I’ll update in early February either from in the field or from base, around the same time our changes at WildTiger are complete.

27 JANUARY BRIEF UPDATE – A tiger has entered the area, killing livestock. With natural prey base a problem this has further complicated the situation.

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Using tech to save lives of people and big cats…

This is just a quick interim post as we make final preparations before working an area where a leopard has made three attacks on people in the last two weeks, incidents that sadly resulted in a fatality and serious injuries. The leopard is now considered highly dangerous and our aim is to put in safeguards. The location provides challenges due to steep terrain and recent high rainfall. Su Se La and Manju of the Coexistence Team have been gathering information from locals and making sure people understand guidelines to hopefully prevent further attacks. My role is to understand how LeopardEye can be applied in the area and then work with partners for effective implementation.

I’ll describe this in further detail when back from the field but technology used correctly is a real lifesaver. We’ve made strong advances with LeopardEye, particularly in the last few months and a major focus will be the further development of early warning systems. In mid February we’ll be appealing for support so community based monitoring can be rolled out further in highly affected areas and beyond, this will be done in accordance with local and national authorities. We do have an urgent need right now though so if anyone can help in the short term it would be incredibly appreciated, especially with this current situation, one of four main monitoring sites at the moment. You can contact me at my social media sites or email projects@wildtiger.org.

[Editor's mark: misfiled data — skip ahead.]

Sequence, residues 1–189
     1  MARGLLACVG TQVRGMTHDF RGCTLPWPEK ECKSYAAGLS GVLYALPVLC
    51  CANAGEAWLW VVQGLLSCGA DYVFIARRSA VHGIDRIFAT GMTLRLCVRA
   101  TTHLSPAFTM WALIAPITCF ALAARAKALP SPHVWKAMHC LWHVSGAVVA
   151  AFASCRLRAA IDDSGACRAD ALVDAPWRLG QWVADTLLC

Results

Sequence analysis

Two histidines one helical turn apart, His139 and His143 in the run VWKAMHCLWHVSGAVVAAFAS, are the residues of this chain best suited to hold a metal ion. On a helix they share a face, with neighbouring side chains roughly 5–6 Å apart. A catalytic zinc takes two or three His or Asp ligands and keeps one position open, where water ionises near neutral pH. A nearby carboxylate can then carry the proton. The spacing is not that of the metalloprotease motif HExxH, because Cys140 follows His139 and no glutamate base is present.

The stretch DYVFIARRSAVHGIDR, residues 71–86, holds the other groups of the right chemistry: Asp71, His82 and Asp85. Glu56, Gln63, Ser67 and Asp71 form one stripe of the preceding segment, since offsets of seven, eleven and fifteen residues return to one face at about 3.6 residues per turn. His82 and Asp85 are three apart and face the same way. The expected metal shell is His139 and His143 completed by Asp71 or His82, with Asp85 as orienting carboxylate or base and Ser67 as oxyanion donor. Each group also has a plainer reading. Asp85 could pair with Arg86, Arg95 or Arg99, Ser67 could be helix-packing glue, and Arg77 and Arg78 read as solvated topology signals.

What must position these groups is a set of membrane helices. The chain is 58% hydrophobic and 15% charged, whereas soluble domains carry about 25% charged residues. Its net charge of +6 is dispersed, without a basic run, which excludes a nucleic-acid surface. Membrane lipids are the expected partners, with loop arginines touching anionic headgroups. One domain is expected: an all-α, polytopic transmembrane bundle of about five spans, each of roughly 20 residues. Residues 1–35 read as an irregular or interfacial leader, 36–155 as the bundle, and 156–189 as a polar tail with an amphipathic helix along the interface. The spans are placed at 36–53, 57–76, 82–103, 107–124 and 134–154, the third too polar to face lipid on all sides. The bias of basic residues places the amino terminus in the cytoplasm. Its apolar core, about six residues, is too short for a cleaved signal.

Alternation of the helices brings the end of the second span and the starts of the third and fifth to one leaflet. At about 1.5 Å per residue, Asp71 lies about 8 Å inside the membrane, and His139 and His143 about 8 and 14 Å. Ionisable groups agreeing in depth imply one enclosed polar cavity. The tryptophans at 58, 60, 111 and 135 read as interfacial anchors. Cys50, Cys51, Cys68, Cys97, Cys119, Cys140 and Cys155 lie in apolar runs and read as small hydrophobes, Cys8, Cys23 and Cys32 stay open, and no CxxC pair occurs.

Every little bit helps and I’ll keep saying it, people feeling protected means increasing tolerance thus reducing retaliation. In other words, saving lives on both sides…

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A cold place to die…

Not the start of the year I wanted. A woman taken by a leopard early in the morning two days ago means we now have four monitoring areas at the moment, we’re stretched. The incident occurred while the woman was cutting grass (a term for vegetation collection, to feed livestock) in an area bordering Bardia National Park and the buffer zone. I don’t know the exact altitude (over 1000m asl) at the moment, I will when I’m at the incident site in a couple of days, it’s a fairly remote area and monitoring is problematic.

It pretty much always is problematic.